Past-Present-Future Goddesses. Louis Vuitton Resort 2023

It’s been a while since I truly enjoyed a Louis Vuitton collection by Nicolas Ghesquière. Something clicked again for me. The collection was a powerful ode to goddesses – of the past, present and future. The resort 2023 line-up – presented in La Jolla, California – was a wonderful reminder of how forever-forward this Parisian designer is.

His two post-pandemic Paris shows and the one shown in USA, form a sort of trilogy, starting in the 19th century, making a pitstop in the ’90s of his own post-adolescence, and zooming off into a utopian future. At all three Ghesquière has set out to break down dress codes and build up complex silhouettes. And here’s another Vuitton epic: Ghesquière has made a tradition of staging his cruise shows at architectural marvels. John Lautner’s Bob Hope House in Palm Spring, Oscar Niemeyer’s Niteroi Museum in Rio de Janeiro, I. M. Pei’s Miho Museum outside Kyoto, and now the Louis Kahn-designed Salk Institute in La Jolla. Kahn’s masterpiece, its monumentality is matched by its humanity, but Ghesquière was as switched on by its setting as by its Brutalist concrete. “The guest of honor for the show is the sun,” he said poetically. “The elements are invited.” This was a collection about playing with those elements. He chose metallic fabrics and embellishments that reflected the setting sun, some as glassy as mirrors, and other materials that offered protection from it, wrapping long swathes of linen, for example, around the head and across the body. Other pieces lifted design details from water sports; the airbrushed colors of half tops and boxy short skirts apparently came from jet skis. Ghesquière is a designer whose collections are minutely pored over and studied, and some of these gestures looked like callbacks to earlier seasons, only amplified, maximal where he used to be minimal and streamlined. The show began and ended with a bang. The opening dresses, one more voluminous than the next, were cut from robust jacquards (he compared them to molten lava) that looked like they really could’ve repelled enemy fire. The effect was almost stately, but for the soft-soled sneakers they padded out on. At the finish came a trio of jackets with enormous sculpted collars as shiny as armor perched above tinsel sleeves. These were extraordinary: imaginative and otherworldy. Ghesquière was firing on all creative cylinders here, creating a positive feedback loop. You left wanting to be one of his Amazon superheroine goddesses.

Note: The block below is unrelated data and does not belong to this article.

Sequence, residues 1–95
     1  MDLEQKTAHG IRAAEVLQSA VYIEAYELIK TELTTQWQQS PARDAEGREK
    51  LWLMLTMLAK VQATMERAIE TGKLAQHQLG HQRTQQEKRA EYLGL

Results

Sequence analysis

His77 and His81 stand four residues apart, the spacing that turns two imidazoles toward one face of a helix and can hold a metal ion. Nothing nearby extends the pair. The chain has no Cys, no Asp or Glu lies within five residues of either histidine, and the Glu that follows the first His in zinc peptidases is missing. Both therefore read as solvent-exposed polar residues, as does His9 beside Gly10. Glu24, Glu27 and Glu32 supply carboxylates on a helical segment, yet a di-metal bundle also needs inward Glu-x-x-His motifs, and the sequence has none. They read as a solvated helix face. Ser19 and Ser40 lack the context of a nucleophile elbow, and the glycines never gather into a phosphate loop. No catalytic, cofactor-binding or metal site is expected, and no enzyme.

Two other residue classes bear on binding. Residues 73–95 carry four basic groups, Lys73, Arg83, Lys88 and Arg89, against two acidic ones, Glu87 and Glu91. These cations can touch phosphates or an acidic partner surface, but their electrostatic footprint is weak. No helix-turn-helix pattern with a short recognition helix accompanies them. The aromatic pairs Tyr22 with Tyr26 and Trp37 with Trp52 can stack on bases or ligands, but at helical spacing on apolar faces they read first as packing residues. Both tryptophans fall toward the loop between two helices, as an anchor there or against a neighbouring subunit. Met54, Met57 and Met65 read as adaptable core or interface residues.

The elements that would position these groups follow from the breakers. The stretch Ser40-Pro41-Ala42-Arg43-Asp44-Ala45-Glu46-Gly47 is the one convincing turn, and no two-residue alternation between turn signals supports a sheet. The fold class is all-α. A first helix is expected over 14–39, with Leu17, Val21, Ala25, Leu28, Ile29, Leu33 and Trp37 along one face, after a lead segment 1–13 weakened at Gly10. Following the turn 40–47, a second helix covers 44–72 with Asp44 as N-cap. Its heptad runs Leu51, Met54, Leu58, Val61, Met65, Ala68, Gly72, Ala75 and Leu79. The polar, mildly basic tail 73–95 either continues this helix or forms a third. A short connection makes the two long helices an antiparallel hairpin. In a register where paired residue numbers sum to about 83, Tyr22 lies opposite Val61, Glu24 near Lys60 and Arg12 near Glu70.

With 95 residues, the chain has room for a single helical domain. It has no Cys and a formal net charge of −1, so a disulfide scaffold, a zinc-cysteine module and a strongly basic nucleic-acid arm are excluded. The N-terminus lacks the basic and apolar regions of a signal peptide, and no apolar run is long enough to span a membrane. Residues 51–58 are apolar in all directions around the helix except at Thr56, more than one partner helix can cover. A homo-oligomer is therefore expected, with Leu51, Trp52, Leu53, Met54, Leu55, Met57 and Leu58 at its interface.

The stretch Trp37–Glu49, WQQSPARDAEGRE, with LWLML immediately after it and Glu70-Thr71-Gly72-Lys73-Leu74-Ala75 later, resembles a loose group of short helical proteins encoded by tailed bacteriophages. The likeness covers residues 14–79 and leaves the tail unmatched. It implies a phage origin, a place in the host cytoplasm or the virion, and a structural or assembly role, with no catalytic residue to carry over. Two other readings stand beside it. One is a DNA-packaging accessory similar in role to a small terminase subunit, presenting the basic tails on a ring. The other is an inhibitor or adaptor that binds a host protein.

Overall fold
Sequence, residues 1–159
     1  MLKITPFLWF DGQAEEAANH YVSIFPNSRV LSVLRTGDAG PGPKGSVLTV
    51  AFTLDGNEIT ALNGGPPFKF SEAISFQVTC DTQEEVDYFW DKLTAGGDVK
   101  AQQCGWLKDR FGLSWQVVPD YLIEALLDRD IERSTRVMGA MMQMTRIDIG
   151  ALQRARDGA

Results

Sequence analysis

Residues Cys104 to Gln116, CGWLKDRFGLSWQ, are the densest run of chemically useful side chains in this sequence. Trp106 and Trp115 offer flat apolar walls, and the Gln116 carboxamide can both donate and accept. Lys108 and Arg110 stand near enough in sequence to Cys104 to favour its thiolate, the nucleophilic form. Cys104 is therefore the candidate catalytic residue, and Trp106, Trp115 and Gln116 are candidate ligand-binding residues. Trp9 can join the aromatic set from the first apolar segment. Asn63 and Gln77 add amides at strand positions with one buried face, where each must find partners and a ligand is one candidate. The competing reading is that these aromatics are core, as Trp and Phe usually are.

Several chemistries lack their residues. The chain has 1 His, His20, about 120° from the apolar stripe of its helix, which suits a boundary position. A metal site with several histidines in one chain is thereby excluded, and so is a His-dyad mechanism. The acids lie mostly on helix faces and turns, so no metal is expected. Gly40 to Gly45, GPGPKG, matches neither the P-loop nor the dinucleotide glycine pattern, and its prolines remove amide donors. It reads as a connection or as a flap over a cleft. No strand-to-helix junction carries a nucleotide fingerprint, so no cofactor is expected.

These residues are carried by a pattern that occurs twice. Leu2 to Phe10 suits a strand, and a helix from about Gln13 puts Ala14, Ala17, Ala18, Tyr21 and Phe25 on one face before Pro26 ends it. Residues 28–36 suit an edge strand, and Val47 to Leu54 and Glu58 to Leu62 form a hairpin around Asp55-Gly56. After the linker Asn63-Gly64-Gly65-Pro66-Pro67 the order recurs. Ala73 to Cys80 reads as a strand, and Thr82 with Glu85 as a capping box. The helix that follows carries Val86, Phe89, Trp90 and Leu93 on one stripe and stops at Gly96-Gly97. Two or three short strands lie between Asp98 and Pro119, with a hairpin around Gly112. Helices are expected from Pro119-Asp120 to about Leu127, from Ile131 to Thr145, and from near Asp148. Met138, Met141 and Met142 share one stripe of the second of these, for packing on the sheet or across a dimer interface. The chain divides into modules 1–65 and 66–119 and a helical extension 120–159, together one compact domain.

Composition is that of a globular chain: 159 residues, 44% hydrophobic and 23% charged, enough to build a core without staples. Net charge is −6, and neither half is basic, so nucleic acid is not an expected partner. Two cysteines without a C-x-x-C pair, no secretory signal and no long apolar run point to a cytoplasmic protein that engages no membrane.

Collage by Edward Kanarecki.


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